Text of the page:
Westbrook Middle School students of color who spoke with the American Journal this week say plans underway to promote cultural awareness and inclusivity among students and are positive first steps.

School officials have met multiple times with a group of students who were among about 50 involved in a walk-out protest last week, spurred by a black juvenile’s interaction with a police officer at Together Days. That incident was the catalyst, the students said, but the bigger issue was that students of color at the middle school often feel like outsiders whose cultures aren’t taken seriously or recognized. They also said they’d like to see more staff members of color.

Among the steps agreed upon at the student-staff meetings were holding cultural potluck dinners at the school, displaying flags that represent students’ home countries and adding more depth to Black History Month curriculum, according to Principal Laurie Wood. The school also plans to launch a “student voices” committee to make it more comfortable for students of color to bring concerns to staff.

Eighth grader Aaliyah Malual, who helped organize the protest, said she was pleased that school officials met with the students and heard them out.

“I thought it was really nice,” Malual said in a phone interview Monday. “It felt more open arms when talking to them and we are able to talk to them about stuff.”

Before, she said, she and other students of color never felt comfortable speaking to white staff members about issues they face, ranging from inappropriate comments made to them to their desire to discuss more than slavery during Black History Month.


Malual, a Black Arab, recalls one time being called on in class to speak on slavery when she hadn’t raised her hand to do so, something she felt was disrespectful and tokenizing.

She and other students said that it would be easier to speak of issues like that with faculty of color.

“Teachers of color could relate to me in a lot of ways, and a lot of students of color might be more comfortable talking with them,” eighth grader Nahjwah White told the American Journal.

Eighth grader Mirvet Al Sahhaf recalled students in art class making fun of a lesson on henna tattoos, a valued tradition in the Arabic culture, saying henna looked like “poop.”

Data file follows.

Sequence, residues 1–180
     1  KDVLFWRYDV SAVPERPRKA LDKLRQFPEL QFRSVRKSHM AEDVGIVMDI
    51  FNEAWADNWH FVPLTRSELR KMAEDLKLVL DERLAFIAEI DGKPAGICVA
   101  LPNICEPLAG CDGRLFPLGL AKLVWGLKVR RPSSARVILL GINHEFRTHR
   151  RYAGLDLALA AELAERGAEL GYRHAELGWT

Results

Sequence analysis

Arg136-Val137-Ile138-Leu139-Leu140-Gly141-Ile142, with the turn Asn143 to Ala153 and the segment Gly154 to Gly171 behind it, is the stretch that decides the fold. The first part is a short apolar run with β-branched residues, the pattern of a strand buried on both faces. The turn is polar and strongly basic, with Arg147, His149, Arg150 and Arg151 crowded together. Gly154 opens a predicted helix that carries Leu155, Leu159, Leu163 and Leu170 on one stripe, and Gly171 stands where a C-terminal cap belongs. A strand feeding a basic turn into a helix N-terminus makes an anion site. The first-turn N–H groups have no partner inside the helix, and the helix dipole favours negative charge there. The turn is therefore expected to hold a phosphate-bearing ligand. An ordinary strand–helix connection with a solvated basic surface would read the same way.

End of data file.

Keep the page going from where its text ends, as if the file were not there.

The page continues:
“I was getting irritated because that is a big part of my culture,” Al Sahhaf said.

Malual also was teased by other students because of henna, she said.


“I got my nails done with henna and they were making jokes that I had a disease, poop on my hands, and that hurt because that’s a part of my culture, something used for celebration and joy,” Malual said. 

Another time, students jokingly asked Al Sahhaf if she was related to an Arabic woman on the staff,  which left Al Sahhaf feeling mocked, she said.

The middle school has two teachers of color, Wood said. A third staff member of color is an ed tech who is working on full teaching credentials.

The school will continue its ongoing effort to recruit a more racially diverse staff, but in the meantime, Wood said, a big brother/big sister type of program, where older students of color would be paired with younger students, could be helpful.

The students liked the idea of holding cultural dinners at the school as a way to expose other students to their different backgrounds and cuisines.

“Then everyone in the school gets to represent their country, bring in food and that day would feel really included,” eighth grader Hadil Zackaria said. “Those kids would get to speak about their culture, so people are just aware of it and will respect where you are from.” 


The student voice committee could address Black History Month curriculum and suggest adding content about Black scientists and historically significant events, for example,  and in general give teachers a different perspective on their lessons, the students said.

Malual said the committee will further empower students of color because the meeting last week with staff members already has “made a difference.”

“I feel like I can talk about issues to the school and something will happen. It’s a really good start,” Malual said. “We didn’t want a Black Student Union because we wanted all students there, we want everyone to be able to talk, which is why the voice committee was a good idea.”

While most of the changes will occur in the new school year, one action taken last week was also empowering, Malual said. The school for the first time raised a Juneteenth flag in honor of the June 19 federal holiday commemorating the emancipation of enslaved people in the U.S. and a celebration of African-American culture.

Since the protest last week, middle school student participation in the city’s inaugural Juneteenth event Sunday has gone from a handful to well over 20, Wood said. That shows the importance of the issue among youth, she said.

“We are proud of our students for using their voice to make change and speak up for others. They really want to include everyone in this too,” Wood said.

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